Much depends on comparisons with the rival theories and metatheories. Symbolic Interactionism can be developed in connection with different traditions. This rejection of utilitarianism leads to possible alliances with Durkheim, Weber or Parsons, but these writers overemphasise the role of norms, while Symbolic Interactionism stresses inconsistency and the lack of a determining effect of norms. Marxism also has a theory of action, seeing work as the embodiment of human skill, as in the concept of praxis, but links with the sociology of action are underdeveloped. Habermas has attempted to establish connections with his theory of communicative action, but this still excludes 'many dimensions of action' (110).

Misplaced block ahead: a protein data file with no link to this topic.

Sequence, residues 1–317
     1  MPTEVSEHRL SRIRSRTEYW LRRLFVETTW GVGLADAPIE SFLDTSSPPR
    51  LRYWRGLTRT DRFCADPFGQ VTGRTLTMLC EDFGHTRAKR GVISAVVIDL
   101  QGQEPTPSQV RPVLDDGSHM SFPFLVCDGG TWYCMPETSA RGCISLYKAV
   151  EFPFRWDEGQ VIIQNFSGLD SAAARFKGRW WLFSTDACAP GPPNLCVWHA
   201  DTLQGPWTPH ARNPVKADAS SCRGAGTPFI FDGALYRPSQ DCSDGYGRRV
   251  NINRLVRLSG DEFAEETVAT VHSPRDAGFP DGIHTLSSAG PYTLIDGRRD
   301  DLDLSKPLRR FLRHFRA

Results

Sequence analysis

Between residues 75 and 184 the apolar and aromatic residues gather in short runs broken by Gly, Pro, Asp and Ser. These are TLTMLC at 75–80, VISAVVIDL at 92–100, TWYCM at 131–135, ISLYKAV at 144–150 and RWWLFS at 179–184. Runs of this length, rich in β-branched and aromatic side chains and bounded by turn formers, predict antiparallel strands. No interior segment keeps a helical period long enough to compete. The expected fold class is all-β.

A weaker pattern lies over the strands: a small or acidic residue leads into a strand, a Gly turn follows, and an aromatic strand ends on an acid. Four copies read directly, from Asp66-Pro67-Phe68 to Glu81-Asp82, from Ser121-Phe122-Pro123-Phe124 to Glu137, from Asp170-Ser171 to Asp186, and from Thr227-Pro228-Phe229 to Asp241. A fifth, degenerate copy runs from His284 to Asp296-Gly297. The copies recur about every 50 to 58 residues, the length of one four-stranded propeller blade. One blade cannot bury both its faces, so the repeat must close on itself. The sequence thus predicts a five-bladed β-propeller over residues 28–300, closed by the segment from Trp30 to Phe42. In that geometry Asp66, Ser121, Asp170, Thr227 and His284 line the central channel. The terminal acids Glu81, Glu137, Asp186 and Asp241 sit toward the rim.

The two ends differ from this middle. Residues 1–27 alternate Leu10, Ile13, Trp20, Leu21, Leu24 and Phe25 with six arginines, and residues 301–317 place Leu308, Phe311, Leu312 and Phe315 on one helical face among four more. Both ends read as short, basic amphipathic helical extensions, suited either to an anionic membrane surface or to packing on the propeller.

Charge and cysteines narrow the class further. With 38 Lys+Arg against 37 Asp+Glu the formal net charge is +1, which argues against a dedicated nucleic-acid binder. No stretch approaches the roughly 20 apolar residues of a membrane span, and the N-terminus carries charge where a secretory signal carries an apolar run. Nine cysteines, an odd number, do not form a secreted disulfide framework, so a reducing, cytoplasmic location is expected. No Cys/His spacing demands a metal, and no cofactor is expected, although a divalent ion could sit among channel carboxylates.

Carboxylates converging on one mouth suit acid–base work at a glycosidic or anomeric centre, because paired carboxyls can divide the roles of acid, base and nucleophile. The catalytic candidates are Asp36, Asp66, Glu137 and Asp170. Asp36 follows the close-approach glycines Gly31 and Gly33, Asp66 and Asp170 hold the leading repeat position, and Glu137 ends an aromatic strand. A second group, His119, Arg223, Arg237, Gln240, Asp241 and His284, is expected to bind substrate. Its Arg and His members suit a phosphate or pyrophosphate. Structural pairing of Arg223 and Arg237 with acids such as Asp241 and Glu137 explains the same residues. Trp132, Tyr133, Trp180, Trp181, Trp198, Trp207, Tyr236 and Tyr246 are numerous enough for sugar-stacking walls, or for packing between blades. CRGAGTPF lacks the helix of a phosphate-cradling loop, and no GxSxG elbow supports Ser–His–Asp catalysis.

US pragmatism is especially 'fecund', and it is still important to develop its insights. It offers the best model of the self conscious actor and the context of action (its 'conditions of possibility'). Pragmatism has already developed an analysis far beyond a study of consciousness, and is thus exempt from the criticisms of consciousness found in post structuralism. Pragmatism allows for both utilitarian and functional patterns of action, but insists these are neither universal or comprehensive. Instead it seems capable of developing a whole typology of actions, ranging 'from totemistic ritual to successful self government and ideal discourse' (111). It offers a suitable focus on the collective processing of results of action, and the 'collective constitution of normative regulations, and collective procedures for dealing with normative conflicts' (111). These developments should lead it far away from mere 'qualitative empiricism'.